A constant fixation on the machinations of elite power manoeuvring, and persistent, recurring calls for either new leadership, or new political parties, are evidence of a very conservative and authoritarian political culture. These stories may well be important. Indeed, this is the nature of current socio-economic organisation (capitalism and the state). These human-created forms of control always operate to centralise power up the hierarchy, thus investing tremendous power in the hands of very few. This few – race, gender, rhetoric regardless – the ruling class, are those who control the means of production, administration and coercion. Our pre-occupations are drawn to such elite individuals and groups as many of us have chosen to hand over our political power and future to these. Now this political culture usually results in the general and often vain belief and hope that through hierarchical, fundamentally undemocratic organisation, leaders invested with this incredible power are somehow to create the foundations for a more equal society and world. Also important to consider is that all political parties, no matter the colour of its beret, whether in control of the state or seeking to attain this control, centralise the power of decision-making upwards, and are thus fundamentally authoritarian and anti-democratic.
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Reclaiming Our Global Past: Why South Africa is Not "New Terrain" for Anarchism/Syndicalism, and How it is Being Re-implemented Locally
southern africa / anarchist movement / opinion / analysis Monday April 18, 2016 07:12 by Warren McGregor 1 image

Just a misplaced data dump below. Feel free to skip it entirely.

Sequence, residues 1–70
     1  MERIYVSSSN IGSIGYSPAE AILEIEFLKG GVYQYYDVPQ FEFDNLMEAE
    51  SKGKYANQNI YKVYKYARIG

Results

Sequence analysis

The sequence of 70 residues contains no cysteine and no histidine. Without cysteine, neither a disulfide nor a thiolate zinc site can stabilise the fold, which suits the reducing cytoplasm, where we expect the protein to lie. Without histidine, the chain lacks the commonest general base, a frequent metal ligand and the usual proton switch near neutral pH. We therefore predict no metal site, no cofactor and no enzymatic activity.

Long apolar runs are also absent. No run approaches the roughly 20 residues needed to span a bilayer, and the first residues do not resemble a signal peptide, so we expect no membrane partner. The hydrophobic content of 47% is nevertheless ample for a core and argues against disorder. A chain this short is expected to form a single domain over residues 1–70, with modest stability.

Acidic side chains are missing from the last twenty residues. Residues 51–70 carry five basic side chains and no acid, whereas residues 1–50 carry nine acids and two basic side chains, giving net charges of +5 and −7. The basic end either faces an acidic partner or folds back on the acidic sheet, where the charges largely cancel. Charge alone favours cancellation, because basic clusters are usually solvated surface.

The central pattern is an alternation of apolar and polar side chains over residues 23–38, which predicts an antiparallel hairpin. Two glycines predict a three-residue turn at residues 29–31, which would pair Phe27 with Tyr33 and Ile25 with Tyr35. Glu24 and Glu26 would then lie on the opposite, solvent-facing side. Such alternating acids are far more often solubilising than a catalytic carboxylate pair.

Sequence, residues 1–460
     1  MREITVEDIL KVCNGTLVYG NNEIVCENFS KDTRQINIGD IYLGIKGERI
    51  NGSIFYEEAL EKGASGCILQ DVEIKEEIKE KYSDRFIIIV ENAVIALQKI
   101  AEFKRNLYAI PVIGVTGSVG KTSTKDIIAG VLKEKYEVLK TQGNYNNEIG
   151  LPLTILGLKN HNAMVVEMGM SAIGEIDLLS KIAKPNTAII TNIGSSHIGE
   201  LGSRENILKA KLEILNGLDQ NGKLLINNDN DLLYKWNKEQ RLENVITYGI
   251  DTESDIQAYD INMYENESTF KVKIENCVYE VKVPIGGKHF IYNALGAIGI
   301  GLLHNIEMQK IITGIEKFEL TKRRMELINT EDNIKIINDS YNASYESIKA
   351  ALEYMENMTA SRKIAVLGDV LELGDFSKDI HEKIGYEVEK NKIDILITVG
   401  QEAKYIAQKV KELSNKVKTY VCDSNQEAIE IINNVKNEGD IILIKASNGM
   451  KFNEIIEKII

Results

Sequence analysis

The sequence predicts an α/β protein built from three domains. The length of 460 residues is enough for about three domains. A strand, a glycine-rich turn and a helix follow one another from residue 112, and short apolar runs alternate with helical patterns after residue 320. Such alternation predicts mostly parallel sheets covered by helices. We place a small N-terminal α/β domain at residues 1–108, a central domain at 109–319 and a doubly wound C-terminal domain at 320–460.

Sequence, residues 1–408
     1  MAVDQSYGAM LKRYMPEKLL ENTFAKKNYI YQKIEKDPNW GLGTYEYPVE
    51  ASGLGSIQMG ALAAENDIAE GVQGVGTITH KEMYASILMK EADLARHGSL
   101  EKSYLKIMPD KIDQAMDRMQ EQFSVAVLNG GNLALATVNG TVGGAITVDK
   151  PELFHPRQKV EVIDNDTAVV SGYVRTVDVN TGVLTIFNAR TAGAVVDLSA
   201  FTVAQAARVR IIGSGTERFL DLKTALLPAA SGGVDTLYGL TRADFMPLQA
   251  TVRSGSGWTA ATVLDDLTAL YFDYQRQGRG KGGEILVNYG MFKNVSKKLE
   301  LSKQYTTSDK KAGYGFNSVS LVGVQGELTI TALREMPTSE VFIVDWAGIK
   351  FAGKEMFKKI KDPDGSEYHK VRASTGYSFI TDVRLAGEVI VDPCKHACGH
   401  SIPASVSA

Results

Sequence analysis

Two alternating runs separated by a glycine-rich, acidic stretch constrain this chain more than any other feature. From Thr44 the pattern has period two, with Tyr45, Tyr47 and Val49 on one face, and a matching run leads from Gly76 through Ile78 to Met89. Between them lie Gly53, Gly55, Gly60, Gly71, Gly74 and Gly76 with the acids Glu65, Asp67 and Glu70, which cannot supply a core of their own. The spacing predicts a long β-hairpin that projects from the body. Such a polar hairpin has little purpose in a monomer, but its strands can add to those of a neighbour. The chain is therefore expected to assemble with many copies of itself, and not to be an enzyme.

A Presentation at the St. Imier International Anarchist Conference by Warren McGregor (ZACF), August 2012. read full story / add a comment
southern africa / miscellaneous / opinion / analysis Friday January 29, 2016 17:12 by Warren McGregor 1 image
Many in the working class hope the 2016 local government elections will prove a turning point. The ruling African National Congress (ANC) won the 2014 elections easily, but its grip is weakening. The ANC-allied Congress of SA Trade Unions (COSATU) has split, the radical metal union NUMSA expelled. The ANC could even lose control of at least one of giant "metro" municipality in 2016, possibly greater Johannesburg or Nelson Mandela Bay - probably to the moderate Democratic Alliance (DA), not the ANC breakaway, Economic Freedom Fighters (EFF).
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southern africa / miscellaneous / opinion / analysis Tuesday May 05, 2015 17:54 by Sian Byrne, Warren McGregor, Lucien van der Walt 1 image
May Day – a call to build an international movement of working class and poor people across lines of race, nation and religion for workers’ control and democracy from below, social justice and freedom from political and economic oppression – remains critical. In a country racked by anti-immigrant violence, racial and ethnic tensions, the fragmentation of the labour federation Cosatu, corporate scandals and political corruption, it is time to remember May Day’s roots and aspirations.
**A version of this appeared in the South African weekly, "Mail & Guardian" (30 Apr 2015).
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southern africa / history / opinion / analysis Tuesday December 09, 2014 15:41 by Warren McGregor 1 image
Today the terms “populism” and “workerism” are widely thrown about in South African political circles. Often, these terms and others (“syndicalism,” “ultra-left,” “counter-revolutionary,” “anti-majoritarian” …) have no meaning: they are just labels used to silence critics. SA Communist Party (SACP) leaders do this often. But in the 1980s, “populism” and “workerism” referred to two rival positions battling for the soul of the militant unions.